Back at the Plantation

This has to be good news. Ferrand makes exquisite premium spirits! It gives Barbados rums a cultured niche in world markets!

OFFICIAL PRESSS RELEASE FROM FERRAND

EMBARGOED UNTIL  – MARCH 10, 2017, 18:00PM  French time 

Maison Ferrand, the award winning Cognac, Gin and Rum producer in the heart of Cognac, France, has acquired the historic West Indies Rum Distillery in Barbados which has produced rum continually since the 19th century. Maison Ferrand is the owner of the Plantation rum brand with global distribution in 68 countries. The company produces Pierre Ferrand Cognac and Citadelle Gin at its facility in Cognac, France and the purchase of West Indies Rum Distillery (WIRD) marks the first distillery acquisition outside of France. The acquisition signifies Maison Ferrand’s long term commitment to the quality production of Plantation rum.

Plantation Rum was first introduced in 2003 with the desire to bring rum to the same quality standards of the best Cognacs. Since then Maison Ferrand has been selecting, aging and blending rum from the best Caribbean distilleries for its award-winning Plantation Rum expressions. Barbados is the historical birthplace of rum making and Barbadian rum has been the backbone of Plantation vintage editions as well as its special blends.

“We are production guys and having our own distillery in the Caribbean has been a dream for many years,” says Alexandre Gabriel, proprietor of Maison Ferrand. “It is like getting married, we wanted to find a great match, one for life and we have found it in West Indies Rum Distillery and the exceptional rum makers there. The team there is as passionate as we are and we can’t wait to start producing delicious rum together.”

Barbados holds so much rum-making history, as does West Indies Rum Distillery, and Maison Ferrand is committed to working with this ancient distillery as one cohesive team to produce exceptional rum. Maison Ferrand plans to tap back to the early roots of this historic distillery and its very rich heritage. The distillery has some ancient pot stills, one that is possibly the oldest in the Caribbean and has been dormant for almost 100 years. Alexandre Gabriel is committed to bringing these stills back to life, and as he says ‘make them sing again.’ Additionally, The West Indies Rum Distillery aging warehouse is uniquely located right on the sea which imprints the rum with a specific style not found anywhere else.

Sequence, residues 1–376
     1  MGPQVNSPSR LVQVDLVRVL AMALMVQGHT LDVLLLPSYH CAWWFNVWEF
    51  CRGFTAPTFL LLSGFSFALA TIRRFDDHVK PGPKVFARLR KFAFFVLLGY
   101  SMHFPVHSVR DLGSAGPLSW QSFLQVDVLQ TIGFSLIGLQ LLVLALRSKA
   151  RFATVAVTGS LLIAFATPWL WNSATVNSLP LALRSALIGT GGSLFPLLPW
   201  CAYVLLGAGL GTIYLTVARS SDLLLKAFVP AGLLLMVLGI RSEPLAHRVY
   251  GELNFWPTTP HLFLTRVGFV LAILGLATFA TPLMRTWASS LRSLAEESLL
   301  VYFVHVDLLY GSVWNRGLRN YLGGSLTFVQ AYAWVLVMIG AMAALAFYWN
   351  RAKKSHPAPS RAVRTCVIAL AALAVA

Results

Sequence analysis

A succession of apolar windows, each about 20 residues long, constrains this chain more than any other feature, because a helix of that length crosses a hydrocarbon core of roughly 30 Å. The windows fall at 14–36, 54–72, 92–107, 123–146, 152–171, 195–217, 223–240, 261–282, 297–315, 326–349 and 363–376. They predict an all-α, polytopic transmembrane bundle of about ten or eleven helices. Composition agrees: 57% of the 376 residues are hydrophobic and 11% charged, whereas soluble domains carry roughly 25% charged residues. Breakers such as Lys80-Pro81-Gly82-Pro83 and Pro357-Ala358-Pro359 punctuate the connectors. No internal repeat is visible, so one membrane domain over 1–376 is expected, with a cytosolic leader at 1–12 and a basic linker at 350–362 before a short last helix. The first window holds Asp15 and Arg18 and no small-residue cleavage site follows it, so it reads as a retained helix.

Gabriel says, “We control the production of our Ferrand Cognac and Citadelle Gin because we own the facilities in Cognac. We love challenging ourselves to make the best there is and it requires total commitment. We wanted the same holistic involvement for our Plantation rum so this investment is the natural course of things for us. We are both excited and humbled by what lies ahead. When signing the purchase of this historical distillery, my thoughts went to Laurie Barnard and Thierry Gardere, two rum icons and friends that we have lost all too soon. They were great inspirations to me.”

In the purchase of the West Indies Rum Distillery, Ferrand will also have access to excellent Jamaican rum as West Indies Rum Distillery is one third owner of National Jamaican Rum Company with Monymusk Distillery and the famed Long Pond Distillery. It is very meaningful for Ferrand as Jamaica is the second source of rum for Plantation. Together, this gives Maison Ferrand and Plantation the tools to go even further in its mission for marrying terroir, passion and time for great spirits.

West Indies Rum Distillery is the preferred rum production partner for other companies and will continue to honor their relationships and contracts with them.

Barbados a la France!

Good to see the French appreciating what they sometimes snootily call “Industrial Rum,” rhum industriel!

 

Another local rum company sold

SHAWN CUMBERBATCH, shawncumberbatch@nationnews.com

FRENCH INTERESTS are acquiring another of Barbados’ historic rum companies in a deal worth at least $25.7 million.

In 1989 French alcoholic beverage company Remy Cointreau bought Mount Gay Rum Distilleries Limited, which was established in 1703.

Today, Goddard Enterprises Limited (GEL) is notifying shareholders in its 124 year old subsidiary The West Indies Rum Distillery Limited (WIRD) that it is selling its 2 519 171 issued and outstanding common shares (92 per cent) in WIRD to United Caribbean Rum Limited (UCRL), a wholly owned subsidiary of French spirits company Compagnie de Bonbonnet SAS.

The deal does not end there, however, as UCRL wants full control of WIRD. It is therefore offering people who own the remaining eight per cent of its stock more than $10.2 per share for their piece of the company which produces brands including Cockspur Rum.

While the agreement between GEL and UCRL was signed last December 21, WIRD chairman Anthony Ali, officially gave shareholders details of the deal in notices published today.